In a multiple regression, the added variable plot for a predictor X, say, is the plot showing the residual of Y against all predictors except X against the residual of X on all predictors except X, of course.

One can think of the added variable plot as a particular view of higher dimensional data. The added variable plot views down the intersection of the plane of the regression of Y on all predictors and the plane of the regression of Y on all predictors except X. The plane of the regression of X on all predictors except X also intersects in the same line.

The graphs below show regressions of Health on Weight, Health on Height and Weight and, in the plane of predictor variables, the regression of Height on Weight. The second graph shows the data rotated so one is looking down the intersection of the regression planes. The horizontal displacement in this plot is proportional to the residual of Height on Weight. The residuals of the regression of Health on Weight can be viewed above and below the blue regression plane which is viewed on edge.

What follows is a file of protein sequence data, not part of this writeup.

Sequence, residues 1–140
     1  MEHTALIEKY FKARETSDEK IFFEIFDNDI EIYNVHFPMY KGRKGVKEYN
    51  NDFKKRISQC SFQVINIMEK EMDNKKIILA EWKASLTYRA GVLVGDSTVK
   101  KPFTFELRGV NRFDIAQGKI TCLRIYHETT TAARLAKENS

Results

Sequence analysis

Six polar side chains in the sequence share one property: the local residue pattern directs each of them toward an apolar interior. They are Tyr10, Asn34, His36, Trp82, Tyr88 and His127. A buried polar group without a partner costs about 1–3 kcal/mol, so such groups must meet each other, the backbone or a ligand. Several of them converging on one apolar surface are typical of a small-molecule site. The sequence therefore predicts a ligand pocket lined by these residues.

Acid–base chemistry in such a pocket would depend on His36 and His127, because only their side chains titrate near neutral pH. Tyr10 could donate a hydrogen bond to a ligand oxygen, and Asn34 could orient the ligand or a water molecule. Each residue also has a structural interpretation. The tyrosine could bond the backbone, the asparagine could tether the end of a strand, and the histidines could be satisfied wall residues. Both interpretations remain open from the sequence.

## Front view of regression planes

Note that the horizontal displacement is proportional to the residual of Height on Weight. In the added variable plot, the blue line would be the horizontal axis. The red line is the least-squares line though the added variable plot and also happens to be the edge of the multiple regression plane. Thus the added variable plot is a way of looking at the data that turns three regression planes into lines:

• the regression plane of Height on Weight becomes the vertical axis,
• the regression plane of Health on Weight becomes the horizontal axis,
• the regression plane of Health on both Height and Weight becomes the least-squares regression line

## Frisch-Waugh-Lovell Theorem

The fact that a simple regression using the added variable plot produces results for the targetted variable that are essentially equivalent to those of a multiple regression is known in econometrics as the Frisch-Waugh-Lovell Theorem (http://en.wikipedia.org/wiki/Frisch%E2%80%93Waugh%E2%80%93Lovell_theorem)